Child Care and Early Education Policy and Research Analysis (CCEEPRA) Project, 2005-2018

The Child Care and Early Education Policy and Research Analysis Project is a contract awarded by the Office of Planning, Research and Evaluation to Child Trends. The purpose of this contract is to support the provision of expert consultation, assessment and analysis in child care and early education policy and research to the Office of Planning, Research and Evaluation (OPRE), in the Administration for Children and Families (ACF), including activities related to:

  • providing expert advice, assistance and consultation in support of the agency’s research priorities and goals;
  • conducting assessment, analyses and summaries of policies, practices and research of relevance to the agency’s mission;
  • conducting studies to inform policy and practice and the development of new research priorities;
  • identifying and refining measures and instruments to improve the collection of data related to program policies and practices, and to program outcomes for families and children;
  • identifying sources of data and conducting statistical analyses on national and other original data-sets to answer questions of relevance to the Agency on child care utilization, child care supply, and the effects of child care and other early childhood policies on parental and child outcomes;
  • providing expertise in the preparation of written materials; and
  • convening experts on early care and education research and policy issues of relevance to the administration of the Child Care and Development Fund (CCDF) and other early childhood programs in States, Territories, and Tribes.

Products supported through this contract include literature reviews, measures compendia, meeting summaries, briefing papers, webinars, research briefs, and research-to-policy/research-to-practice briefs.

The point of contact is Ivelisse Martinez-Beck.

Related Resources

Recent federal, state, and local policies and initiatives focus on increasing access to high-quality ECE for all families. Given the prevalence and potential importance of these initiatives for families and children, it is useful for the field to take stock of how access to ECE is conceptualized and measured and to understand the extent to which context, purposes, and available indicators shape the assessment of access.

This report describes the ways in which individual characteristics and factors at the program and system levels are associated with individual teachers’ and caregivers’ participation in PD in a nationally representative sample of ECE teachers and caregivers.

Much like the 7.8 million families with young children in urban areas, many of the 1.1 million families with young children in rural areas need and use early care and education (ECE). Families across the United States face challenges accessing child care, and challenges often vary by population density. Although the definition of what constitutes an urban, suburban, and rural area differs across studies, the literature suggests that...

The experience of homelessness is a known risk factor for young children’s development and well-being. High-quality early care and education may help children overcome some of the negative factors associated with homelessness. However, states, communities and early care and education providers face many barriers to ensuring access to care for these young children, including challenges with identifying children who are or are at risk of experiencing homelessness...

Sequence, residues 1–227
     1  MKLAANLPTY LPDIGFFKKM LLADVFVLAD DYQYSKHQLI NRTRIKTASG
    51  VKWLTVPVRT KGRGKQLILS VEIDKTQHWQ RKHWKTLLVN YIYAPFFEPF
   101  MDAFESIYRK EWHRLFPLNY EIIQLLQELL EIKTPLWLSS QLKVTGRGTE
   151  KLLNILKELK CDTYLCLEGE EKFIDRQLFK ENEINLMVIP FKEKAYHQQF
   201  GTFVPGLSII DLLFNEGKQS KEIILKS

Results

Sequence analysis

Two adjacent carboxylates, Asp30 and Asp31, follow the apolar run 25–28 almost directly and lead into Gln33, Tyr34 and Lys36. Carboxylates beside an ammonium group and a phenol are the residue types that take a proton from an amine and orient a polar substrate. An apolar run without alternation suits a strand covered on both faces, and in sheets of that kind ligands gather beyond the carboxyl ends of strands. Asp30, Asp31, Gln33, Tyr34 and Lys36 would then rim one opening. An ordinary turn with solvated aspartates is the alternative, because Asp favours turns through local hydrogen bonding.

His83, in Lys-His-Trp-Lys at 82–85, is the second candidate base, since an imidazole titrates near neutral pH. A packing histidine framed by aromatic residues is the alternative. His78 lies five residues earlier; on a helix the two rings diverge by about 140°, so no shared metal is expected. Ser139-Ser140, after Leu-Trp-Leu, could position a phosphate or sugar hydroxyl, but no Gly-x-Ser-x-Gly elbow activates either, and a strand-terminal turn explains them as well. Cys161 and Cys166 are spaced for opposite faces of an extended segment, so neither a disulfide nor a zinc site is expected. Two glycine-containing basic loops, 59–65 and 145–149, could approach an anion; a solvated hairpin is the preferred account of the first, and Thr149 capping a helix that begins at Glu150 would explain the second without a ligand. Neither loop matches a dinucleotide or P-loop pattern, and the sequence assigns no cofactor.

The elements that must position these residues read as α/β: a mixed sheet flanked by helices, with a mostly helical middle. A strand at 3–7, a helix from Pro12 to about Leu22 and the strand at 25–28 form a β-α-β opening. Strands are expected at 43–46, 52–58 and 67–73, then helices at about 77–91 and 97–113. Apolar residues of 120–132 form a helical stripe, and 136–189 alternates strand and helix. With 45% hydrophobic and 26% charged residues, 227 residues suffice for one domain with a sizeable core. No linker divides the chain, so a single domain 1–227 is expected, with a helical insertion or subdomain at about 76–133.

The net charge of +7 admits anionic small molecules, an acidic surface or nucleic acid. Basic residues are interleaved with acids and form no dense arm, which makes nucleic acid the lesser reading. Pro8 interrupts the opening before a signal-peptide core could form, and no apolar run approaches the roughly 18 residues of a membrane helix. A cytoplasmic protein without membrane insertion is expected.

Researchers and policymakers in the early care and education (ECE) field are interested in understanding the factors that contribute to successful quality improvement (QI) initiatives in ECE settings. They also want to learn about factors leading to improved outcomes for children and families through successful QI initiatives. One factor posited to influence the success of such initiatives is the readiness of individuals and organizations to adopt new quality improvement practices.

This set of resources is intended to strengthen the ability of state/territory child care administrators and their research partners to utilize administrative data to address policy-relevant early care and education research questions. The resources are designed for researchers who are new to the analysis of administrative data as well as seasoned users of administrative data who are expanding their research to include new types of administrative data (e.g., expanding to a new state or new agency).

States and territories have increasingly worked to strengthen their early care and education (ECE) systems to more efficiently and effectively serve young children. It can still be challenging, however, to coordinate ECE systems’ multifaceted funding streams, services, standards, and regulations.This report summarizes publicly available information about the coordination or inclusion of Head Start across various aspects of state and territory ECE systems. 

Stable, high-quality child care has numerous benefits for children and families, including providing support for child development and enabling parents to work. To make child care accessible to low-income families, the Child Care and Development Fund (CCDF) offers guidance and funds to states, territories, and tribes to...

Licensing is traditionally viewed as providing the foundation (or the floor) of quality in early care and education (ECE) settings. States and territories are responsible for licensing child care programs, and a license serves as permission to legally...

In 2012, 3.8 million home-based child care providers in the United States cared for more than 7.1 million children. These home-based child care providers represent a diverse group including licensed family child care programs along with family members, friends, and neighbors who regularly care for children.

Over the last decade, the landscape...

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